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Pub. period:1987-2004
Pub. count:13
Number of co-authors:0


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Jef Raskin


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Jef Raskin (March 9, 1943 - February 26, 2005) was an American human-computer interface expert best known for starting the Macintosh project for Apple in the late 1970s. Raskin was born in New York City to a secular Jewish family. He received degrees in mathematics (B.S. 1964) and philosophy (B.A. 1965) at the State University of New York at Stony Brook. In 1967 he earned a master's degree in computer science at Pennsylvania State University. His first computer program, a music program, was part of his master's thesis. Raskin later enrolled in a graduate music program at the University of California, San Diego (UCSD), but stopped to teach art, photography and computer science there, working as an assistant professor in the Visual Arts dept from 1968 until 1974. He was awarded a National Science Foundation grant to establish a Computer and Humanities center which used a 16 bit Data General Nova computer and graphic display terminals rather than the teletypes which were in use at that time. Along with his undergraduate student Jonathan (Jon) Collins, Jef developed the Flow Programming Language for use in teaching programming to the art and humanities students. The language was first used at the Humanities Summer Training Institute held in 1970 at the University of Kansas in Lawrence, Kansas. The language had only 6 instructions (get it, print it, print "text", jump to, if it is ' ' then & stop) and could not manipulate numbers. The language utilized "typing amplification" in which only the first letter was typed and the computer provided the balance of the instruction eliminating typing errors. It was also the basis for programming classes taught by Jef and Jon in the UCSD Visual Arts Dept. He curated several art shows including one featuring his collection of unusual toys. It was during this period that Jef changed the spelling of his name from Jeff to Jef after meeting Jon and liking the lack of extraneous letters. He occasionally wrote for computer publications, such as Dr. Dobb's Journal.

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Publications by Jef Raskin (bibliography)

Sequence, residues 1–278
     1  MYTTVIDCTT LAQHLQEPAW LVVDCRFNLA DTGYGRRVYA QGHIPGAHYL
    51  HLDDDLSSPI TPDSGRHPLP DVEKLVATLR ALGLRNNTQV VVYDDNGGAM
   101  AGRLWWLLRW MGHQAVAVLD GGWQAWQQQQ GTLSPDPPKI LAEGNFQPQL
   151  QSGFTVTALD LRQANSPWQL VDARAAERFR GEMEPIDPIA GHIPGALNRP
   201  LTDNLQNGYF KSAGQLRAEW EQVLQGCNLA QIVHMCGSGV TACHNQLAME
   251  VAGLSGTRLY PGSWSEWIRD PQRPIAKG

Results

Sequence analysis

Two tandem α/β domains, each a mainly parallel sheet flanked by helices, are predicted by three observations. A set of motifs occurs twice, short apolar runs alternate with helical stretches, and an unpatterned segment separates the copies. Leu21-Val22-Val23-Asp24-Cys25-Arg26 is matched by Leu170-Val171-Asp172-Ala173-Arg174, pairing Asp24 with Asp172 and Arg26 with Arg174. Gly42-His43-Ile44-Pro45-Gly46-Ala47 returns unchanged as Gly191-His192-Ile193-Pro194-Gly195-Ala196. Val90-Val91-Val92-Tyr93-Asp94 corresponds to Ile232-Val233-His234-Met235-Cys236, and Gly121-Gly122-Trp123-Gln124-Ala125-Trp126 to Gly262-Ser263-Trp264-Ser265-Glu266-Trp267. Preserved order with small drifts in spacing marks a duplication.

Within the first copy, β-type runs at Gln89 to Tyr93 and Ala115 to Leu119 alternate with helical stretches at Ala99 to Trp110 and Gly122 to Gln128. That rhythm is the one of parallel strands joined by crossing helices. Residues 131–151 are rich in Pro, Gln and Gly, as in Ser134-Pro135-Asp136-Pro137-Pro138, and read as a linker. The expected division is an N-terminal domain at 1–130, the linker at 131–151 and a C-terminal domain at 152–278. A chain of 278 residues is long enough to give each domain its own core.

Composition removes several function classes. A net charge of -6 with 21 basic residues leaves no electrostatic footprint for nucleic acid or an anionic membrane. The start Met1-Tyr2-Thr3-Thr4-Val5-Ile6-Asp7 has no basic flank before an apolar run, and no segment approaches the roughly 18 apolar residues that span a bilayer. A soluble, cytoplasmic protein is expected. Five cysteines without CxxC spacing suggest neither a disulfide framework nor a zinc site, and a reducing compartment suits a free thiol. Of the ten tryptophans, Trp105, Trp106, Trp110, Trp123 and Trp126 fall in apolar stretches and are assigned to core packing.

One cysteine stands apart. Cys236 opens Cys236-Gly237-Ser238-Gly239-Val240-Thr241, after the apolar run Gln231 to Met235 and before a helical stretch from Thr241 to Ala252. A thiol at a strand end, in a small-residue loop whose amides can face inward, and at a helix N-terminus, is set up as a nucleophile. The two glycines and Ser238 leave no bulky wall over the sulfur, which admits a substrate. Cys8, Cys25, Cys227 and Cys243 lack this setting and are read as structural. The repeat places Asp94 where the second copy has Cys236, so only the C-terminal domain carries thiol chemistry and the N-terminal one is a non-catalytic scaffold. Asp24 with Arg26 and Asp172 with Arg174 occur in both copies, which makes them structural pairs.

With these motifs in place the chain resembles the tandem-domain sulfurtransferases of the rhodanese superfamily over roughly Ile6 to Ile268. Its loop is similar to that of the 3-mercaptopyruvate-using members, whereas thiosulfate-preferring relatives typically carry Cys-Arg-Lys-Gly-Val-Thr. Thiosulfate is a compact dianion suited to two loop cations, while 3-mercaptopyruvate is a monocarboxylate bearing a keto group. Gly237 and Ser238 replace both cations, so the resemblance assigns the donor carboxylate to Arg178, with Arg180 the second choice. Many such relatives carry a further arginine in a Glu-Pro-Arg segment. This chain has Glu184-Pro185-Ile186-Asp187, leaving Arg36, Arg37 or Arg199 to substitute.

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Raskin, Jef (2004): We Are All Blind: Cognetics and the Designing of Interfaces for Accessibility: Introduction to the Special Thematic Session. In: Klaus, Joachim, Miesenberger, Klaus, Zagler, Wolfgang L. and Burger, Dominique (eds.) ICCHP 2004 - Computers Helping People with Special Needs - 9th International Conference July 7-9, 2004, Paris, France. pp. 1-5.

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Raskin, Jef (2001): Turning the Art of Interface Design into Engineering. In: Little, Murray Reed and Nigay, Laurence (eds.) EHCI 2001 - Engineering for Human-Computer Interaction, 8th IFIP International Conference May 11-13, 2001, Toronto, Canada. pp. 5-6.

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Raskin, Jef (2000): The Humane Interface: New Directions for Designing Interactive Systems. Addison-Wesley Publishing

 Cited in the following chapters:

Mobile Computing: [/encyclopedia/mobile_computing.html]

Design Spaces: [/books/the_social_design_of_technical_systems/design_spaces.html]

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Raskin, Jef (2000): Humane Interface: New Directions for Designing Interactive Systems. Addison-Wesley Publishing

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Raskin, Jef (1999): The User Interface in Text Retrieval Systems Revisited, A Letter to the Editor. In ACM SIGCHI Bulletin, 31 (1) p. 37.

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Raskin, Jef (1997): What's NeXT for Apple?. In Interactions, 4 (3) pp. 12-16.